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Publication numberUS3056297 A
Publication typeGrant
Publication dateOct 2, 1962
Filing dateOct 21, 1958
Priority dateOct 21, 1958
Publication numberUS 3056297 A, US 3056297A, US-A-3056297, US3056297 A, US3056297A
InventorsDuke John A
Original AssigneeHoneywell Regulator Co
Export CitationBiBTeX, EndNote, RefMan
External Links: USPTO, USPTO Assignment, Espacenet
Pressure signal measuring apparatus
US 3056297 A
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Description  (OCR text may contain errors)

Oct. 2, 1962 .1. A. DUKE 97 PRESSURE SIGNAL MEASURING APPARATUS Filed Oct. 21, 1958 INVENTOR. JOH N A. DUKE ATTORNEY.

3,056,297 PRESSURE SIGNAL MEASURING APPARATU John A. Duke, Roslyn, Pa., assignor to Minneapolis- Honeywell Regulator Company, Minneapolis, Minn., a corporation of Delaware Filed Oct. 21, 1958, Ser. No. 768,681 14 Claims. (Cl. 73398) This application relates to a transducing apparatus to convert the magnitude of a fluid pressure signal into an electrical signal whose value is of some preselected desired function of this fluid pressure signal.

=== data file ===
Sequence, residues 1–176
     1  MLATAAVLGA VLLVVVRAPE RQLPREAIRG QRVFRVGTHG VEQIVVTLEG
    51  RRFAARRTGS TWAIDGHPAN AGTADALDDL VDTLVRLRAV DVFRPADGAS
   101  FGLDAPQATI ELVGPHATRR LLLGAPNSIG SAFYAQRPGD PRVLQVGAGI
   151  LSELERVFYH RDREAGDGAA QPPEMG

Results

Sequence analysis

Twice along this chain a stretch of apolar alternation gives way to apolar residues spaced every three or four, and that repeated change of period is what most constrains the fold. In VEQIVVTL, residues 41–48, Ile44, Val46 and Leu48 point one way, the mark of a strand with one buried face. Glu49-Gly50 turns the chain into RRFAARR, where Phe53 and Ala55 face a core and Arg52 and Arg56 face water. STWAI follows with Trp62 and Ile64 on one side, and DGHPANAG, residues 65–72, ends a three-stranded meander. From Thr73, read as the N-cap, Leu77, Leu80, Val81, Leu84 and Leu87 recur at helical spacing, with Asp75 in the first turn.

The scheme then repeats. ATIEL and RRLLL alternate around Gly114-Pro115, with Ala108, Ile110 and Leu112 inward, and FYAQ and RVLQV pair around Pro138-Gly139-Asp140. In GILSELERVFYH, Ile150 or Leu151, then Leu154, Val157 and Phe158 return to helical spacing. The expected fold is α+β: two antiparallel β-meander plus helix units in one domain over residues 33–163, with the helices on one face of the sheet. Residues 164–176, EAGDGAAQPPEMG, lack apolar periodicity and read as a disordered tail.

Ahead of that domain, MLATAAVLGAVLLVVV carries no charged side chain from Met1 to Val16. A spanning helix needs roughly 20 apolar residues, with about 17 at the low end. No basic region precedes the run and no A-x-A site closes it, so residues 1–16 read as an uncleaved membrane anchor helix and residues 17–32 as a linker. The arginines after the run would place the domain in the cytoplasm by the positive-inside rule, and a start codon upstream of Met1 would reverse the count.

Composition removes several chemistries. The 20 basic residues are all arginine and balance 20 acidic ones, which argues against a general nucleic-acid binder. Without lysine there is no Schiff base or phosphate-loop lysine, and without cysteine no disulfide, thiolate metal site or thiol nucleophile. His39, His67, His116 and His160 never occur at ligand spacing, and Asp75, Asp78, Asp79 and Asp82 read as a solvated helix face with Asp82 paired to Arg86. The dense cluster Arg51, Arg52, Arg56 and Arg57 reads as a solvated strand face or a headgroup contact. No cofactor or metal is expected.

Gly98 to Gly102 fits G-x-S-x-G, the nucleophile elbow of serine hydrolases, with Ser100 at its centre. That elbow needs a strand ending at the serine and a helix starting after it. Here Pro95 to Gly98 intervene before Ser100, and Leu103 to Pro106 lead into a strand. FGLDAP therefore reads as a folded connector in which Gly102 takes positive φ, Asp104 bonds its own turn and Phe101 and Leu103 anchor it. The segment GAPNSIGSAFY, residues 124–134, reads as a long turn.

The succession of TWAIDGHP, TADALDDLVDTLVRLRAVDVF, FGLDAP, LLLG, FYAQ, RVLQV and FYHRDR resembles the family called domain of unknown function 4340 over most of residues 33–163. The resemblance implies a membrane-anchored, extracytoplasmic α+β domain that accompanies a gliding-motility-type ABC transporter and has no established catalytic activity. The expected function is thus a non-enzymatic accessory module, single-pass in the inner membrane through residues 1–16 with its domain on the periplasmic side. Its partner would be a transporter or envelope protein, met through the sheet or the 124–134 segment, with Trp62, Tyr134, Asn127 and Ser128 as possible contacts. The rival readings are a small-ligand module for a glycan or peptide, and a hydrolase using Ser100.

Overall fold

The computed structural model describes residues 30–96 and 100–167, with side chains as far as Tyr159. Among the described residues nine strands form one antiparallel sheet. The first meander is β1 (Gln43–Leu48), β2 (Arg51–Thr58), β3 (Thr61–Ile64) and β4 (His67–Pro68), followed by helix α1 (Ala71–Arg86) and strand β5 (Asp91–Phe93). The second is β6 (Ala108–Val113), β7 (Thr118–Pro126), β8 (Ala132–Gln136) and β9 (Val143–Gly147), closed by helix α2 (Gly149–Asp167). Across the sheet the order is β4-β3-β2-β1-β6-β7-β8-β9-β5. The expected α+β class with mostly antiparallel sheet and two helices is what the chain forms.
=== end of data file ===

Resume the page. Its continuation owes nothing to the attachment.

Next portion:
Another more specific object of the present invention is to provide an apparatus of the aforementioned type wherein the pressure of a fluid signal to be measured is used to change the density of a compressible fiuid surrounding a guide that is transmitting radiant energy between one location and another so that the index of refraction and absorption characteristic of this guide, and hence the amount of energy that the guide is able to transmit, will be changed in accordance with changes occuring in the magnitude of the pressure of the fluid signal.

Still another specific object of the present invention is to provide a transducing apparatus of the aforementioned type which can readily be reproduced, which has a high degree of accuracy, which possesses indefinite resolution, which has no hysteresis, and which has an indefinite life.